Danger
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#5
Sep30-10, 08:17 AM
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My personal experience with automotive batteries is that they must be respected. I've received some nasty surprises due to misjudgement. I once saw (in a "Hot Rod" magazine, rather than in person) the result of a fellow accidentally bridging the terminals with a 3/8" combination wrench (open on one end and boxed on the other). The bloody thing melted in the middle.
litup
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#6
Sep30-10, 08:51 AM
P: 127
Quote Quote by xxChrisxx View Post
Say wut now? Don't really know where you are getting that from, it's current that causes heating.

You can shove 10kV down a 1mm cross section copper cable at low amps. It's amps you need cross section for. 10kV @ 1 amp will be taken by a small cross section cable no problem. 10kA @ 1V will destroy the cable in spectacular fashion.

High voltage can electrically burn insulation when it spark though it.

Don't get it confused because your lightbulbs/whatever show their rating in power.

EDIT: See http://en.wikipedia.org/wiki/Ampacity
We are not talking about 10,000 volts, we are talking about 12 volts so 10Kw at 12 volts would be almost a thousand amps. Why are you bringing up 10,000 volts? We are talking about low voltage circuits here and power is still voltage times current. You acknowledge that with the 10Kv @1 amp and 1 V at 10,000 amps is the same power rating. But for his purposes we are discussing inherently low voltages and high currents but if the voltage was dropped to 1.2 volts the current also drops or did you forget that part? At 1.2 volts the current drops to 80 amps or so, well within the capability of a standard battery jump-start cable. In your first example you cite 10,000 volts at 1 amp, a resistance of 10,000 ohms. In the second case you go to 1 volt and 10,000 amps, a resistance of 1/10,000 ohm a difference in resistance of 100,000,000 to 1. You are comparing apples to oranges. If you used the same circuit with 1/10,000 ohm at 10,000 volts you would be talking about 100 MEGAwatts. You can't have it both ways.
xxChrisxx
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#7
Sep30-10, 09:13 AM
P: 2,032
Quote Quote by litup View Post
Above post
Hmm.. Jolly good point, I didn't think of that.


This is precisely the reason why I hate electrickary, it's terribly confusing. I'm a mechanical engineer, and becuase of my current job have been forced to learn some superficial electrical nonsense. All I know is, you can stick lots of volts down a very small cable, but hte high current needs a very large CSA.

I just used 10kV as it was a test voltage used on an electical jumper I've just designed. It's all easy stuff, is X < cable rating, then use it.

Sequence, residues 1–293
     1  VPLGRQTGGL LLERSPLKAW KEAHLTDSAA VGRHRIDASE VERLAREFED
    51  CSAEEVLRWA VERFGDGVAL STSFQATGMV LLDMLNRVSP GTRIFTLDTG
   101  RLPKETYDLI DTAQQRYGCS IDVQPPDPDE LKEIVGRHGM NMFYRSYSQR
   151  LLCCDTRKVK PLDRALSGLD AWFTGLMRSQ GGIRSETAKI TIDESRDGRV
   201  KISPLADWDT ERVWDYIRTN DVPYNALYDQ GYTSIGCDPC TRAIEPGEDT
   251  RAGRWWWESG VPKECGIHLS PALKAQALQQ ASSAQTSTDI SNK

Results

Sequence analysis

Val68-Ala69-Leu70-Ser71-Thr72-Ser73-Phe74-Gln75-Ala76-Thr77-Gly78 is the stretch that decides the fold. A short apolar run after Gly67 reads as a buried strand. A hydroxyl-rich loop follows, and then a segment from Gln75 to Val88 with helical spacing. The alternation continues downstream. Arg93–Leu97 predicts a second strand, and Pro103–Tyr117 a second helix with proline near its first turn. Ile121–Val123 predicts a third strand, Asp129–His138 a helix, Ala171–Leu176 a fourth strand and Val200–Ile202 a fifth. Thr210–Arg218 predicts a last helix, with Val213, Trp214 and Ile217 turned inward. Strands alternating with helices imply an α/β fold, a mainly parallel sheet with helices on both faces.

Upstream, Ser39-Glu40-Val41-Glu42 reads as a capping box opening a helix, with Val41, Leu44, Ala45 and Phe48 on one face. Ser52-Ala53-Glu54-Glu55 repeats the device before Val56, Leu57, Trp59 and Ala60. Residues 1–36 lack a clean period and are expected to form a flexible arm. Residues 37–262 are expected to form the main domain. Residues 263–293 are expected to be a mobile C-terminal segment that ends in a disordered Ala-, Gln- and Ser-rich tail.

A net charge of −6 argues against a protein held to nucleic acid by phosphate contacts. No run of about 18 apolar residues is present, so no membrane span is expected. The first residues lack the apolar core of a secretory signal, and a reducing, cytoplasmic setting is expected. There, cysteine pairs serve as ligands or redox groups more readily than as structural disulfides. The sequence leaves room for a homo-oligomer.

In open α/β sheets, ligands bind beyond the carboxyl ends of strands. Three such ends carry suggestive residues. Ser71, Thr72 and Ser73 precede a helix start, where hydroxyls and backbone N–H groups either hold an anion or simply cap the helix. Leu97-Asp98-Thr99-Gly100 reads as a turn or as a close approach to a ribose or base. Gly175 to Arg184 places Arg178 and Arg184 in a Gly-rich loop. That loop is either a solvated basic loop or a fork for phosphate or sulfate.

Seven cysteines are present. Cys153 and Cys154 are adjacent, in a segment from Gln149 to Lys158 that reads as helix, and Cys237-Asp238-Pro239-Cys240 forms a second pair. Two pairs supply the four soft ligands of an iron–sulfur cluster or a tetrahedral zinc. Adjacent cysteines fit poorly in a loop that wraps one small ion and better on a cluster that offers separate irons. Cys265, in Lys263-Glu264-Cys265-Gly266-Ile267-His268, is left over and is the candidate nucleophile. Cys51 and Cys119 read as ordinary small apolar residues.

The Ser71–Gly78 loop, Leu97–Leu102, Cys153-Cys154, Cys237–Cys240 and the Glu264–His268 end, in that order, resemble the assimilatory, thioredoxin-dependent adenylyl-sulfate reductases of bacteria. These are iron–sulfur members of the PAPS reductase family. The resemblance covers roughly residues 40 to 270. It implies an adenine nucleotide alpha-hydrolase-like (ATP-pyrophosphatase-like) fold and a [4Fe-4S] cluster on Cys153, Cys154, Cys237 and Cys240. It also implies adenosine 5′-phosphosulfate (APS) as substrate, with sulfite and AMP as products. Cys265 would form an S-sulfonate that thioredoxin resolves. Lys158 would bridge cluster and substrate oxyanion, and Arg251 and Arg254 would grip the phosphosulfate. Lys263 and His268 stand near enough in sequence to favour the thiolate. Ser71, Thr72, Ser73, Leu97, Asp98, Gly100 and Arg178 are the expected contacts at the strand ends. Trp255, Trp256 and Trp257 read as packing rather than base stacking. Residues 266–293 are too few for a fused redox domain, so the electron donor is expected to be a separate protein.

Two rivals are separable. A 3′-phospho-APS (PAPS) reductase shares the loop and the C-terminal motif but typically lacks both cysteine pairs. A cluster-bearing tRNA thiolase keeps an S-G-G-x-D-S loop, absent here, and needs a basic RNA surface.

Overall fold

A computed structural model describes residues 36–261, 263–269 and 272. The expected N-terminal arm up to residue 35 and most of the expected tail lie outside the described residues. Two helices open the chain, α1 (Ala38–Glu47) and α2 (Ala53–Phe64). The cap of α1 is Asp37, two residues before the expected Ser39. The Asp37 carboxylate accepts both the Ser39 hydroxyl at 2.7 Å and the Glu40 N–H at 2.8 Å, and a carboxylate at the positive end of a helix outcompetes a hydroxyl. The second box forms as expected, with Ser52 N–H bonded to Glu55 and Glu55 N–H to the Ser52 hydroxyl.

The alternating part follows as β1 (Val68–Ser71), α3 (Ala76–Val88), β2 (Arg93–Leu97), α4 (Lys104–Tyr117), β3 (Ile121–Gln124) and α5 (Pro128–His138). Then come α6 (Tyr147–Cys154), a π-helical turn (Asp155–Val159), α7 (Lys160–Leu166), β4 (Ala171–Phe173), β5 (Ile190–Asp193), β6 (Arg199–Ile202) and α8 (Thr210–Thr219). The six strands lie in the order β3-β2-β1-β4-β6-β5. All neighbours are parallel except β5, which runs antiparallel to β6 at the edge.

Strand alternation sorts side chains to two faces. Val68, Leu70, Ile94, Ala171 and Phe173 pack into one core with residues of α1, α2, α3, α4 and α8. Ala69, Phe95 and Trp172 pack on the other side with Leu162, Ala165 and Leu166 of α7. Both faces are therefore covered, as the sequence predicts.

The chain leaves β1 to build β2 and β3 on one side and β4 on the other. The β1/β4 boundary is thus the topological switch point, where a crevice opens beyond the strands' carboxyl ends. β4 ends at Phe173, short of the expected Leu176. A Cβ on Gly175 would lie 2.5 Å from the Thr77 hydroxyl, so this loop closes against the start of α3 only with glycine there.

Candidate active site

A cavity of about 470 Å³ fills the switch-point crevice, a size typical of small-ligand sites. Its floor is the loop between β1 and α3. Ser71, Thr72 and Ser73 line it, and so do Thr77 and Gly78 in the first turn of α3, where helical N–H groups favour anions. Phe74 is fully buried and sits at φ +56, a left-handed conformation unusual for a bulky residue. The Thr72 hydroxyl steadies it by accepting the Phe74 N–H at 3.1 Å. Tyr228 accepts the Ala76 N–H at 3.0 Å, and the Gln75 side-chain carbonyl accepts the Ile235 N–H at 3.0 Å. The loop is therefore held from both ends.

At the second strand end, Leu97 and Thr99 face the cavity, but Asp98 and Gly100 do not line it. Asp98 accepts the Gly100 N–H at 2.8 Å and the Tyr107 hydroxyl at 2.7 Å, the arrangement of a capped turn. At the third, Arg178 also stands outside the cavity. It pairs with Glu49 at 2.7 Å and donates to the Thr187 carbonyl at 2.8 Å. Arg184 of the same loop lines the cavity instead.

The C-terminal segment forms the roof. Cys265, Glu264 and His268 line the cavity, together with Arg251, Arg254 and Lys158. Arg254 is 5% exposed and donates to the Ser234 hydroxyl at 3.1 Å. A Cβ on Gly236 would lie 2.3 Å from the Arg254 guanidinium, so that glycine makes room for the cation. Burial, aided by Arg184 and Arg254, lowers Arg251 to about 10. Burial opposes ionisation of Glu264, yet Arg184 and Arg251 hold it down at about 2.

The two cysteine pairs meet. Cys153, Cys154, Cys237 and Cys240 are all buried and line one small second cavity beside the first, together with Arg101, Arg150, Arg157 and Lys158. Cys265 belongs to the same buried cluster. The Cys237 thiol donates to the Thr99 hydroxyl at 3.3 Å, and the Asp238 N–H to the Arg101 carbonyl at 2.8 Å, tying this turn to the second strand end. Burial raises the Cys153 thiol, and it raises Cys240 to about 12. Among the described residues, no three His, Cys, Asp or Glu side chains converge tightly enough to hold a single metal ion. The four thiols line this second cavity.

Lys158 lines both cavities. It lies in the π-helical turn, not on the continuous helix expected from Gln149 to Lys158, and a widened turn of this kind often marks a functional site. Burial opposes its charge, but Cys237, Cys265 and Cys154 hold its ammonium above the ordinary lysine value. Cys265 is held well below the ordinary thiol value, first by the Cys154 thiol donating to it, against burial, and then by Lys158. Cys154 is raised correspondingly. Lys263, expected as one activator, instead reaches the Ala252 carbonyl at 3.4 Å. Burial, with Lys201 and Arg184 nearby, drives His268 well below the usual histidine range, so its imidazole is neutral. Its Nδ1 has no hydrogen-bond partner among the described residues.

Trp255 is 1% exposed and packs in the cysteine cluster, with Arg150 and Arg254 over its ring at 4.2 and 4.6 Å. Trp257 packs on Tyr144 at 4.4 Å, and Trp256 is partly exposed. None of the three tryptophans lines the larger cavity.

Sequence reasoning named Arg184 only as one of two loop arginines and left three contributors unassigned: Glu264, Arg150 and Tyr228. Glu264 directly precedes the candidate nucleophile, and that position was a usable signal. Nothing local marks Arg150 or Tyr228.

Averagesupernova
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#8
Sep30-10, 09:20 AM
P: 2,452
I have seen electronics on cars fried because of hooking up a battery charger wrong. Jumper cables are no different. The mechanic who told you that shouldn't touch electrical systems on vehicles. Some vehicles may have protection for this sort of thing, and since I don't know your specific vehicle I can't say much else. I will say you are lucky though.
litup
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#9
Sep30-10, 09:31 AM
P: 127
Quote Quote by xxChrisxx View Post
Hmm.. Jolly good point, I didn't think of that.


This is precisely the reason why I hate electrickary, it's terribly confusing. I'm a mechanical engineer, and becuase of my current job have been forced to learn some superficial electrical nonsense. All I know is, you can stick lots of volts down a very small cable, but hte high current needs a very large CSA.

I just used 10kV as it was a test voltage used on an electical jumper I've just designed. It's all easy stuff, is X < cable rating, then use it.
Yep, we use high voltage probes to check out our 200,000 volt ion implant accelerator power supplies, big suckers:) I pretty much know about high voltages! My field is as you may have guessed, ion implant field service. Some of them go over a million volts. We use voltage dividers and accelerator rings with a lot of insulation between each ring and a 10 gigohm resistor between each ring so at 200,000 volts and a total of 100 gig ohms works out to about 20 microamps flowing through those resistors total. The beam itself sucks up a lot more power, there can be as much as 10 milliamps flowing in the beam, arsenic, boron, or phosphorous are the big three dopants used in the semiconductor world. 10 milliamps at 200,000 volts is 2000 watts so there is a fair amount of energy flopping around inside the vacuum chamber:) In this case the conductor is an ionized beam of one of those three elements I mentioned.
Ranger Mike
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#10
Sep30-10, 12:43 PM
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Quote Quote by Danger View Post
My personal experience with automotive batteries is that they must be respected. I've received some nasty surprises due to misjudgement. I once saw (in a "Hot Rod" magazine, rather than in person) the result of a fellow accidentally bridging the terminals with a 3/8" combination wrench (open on one end and boxed on the other). The bloody thing melted in the middle.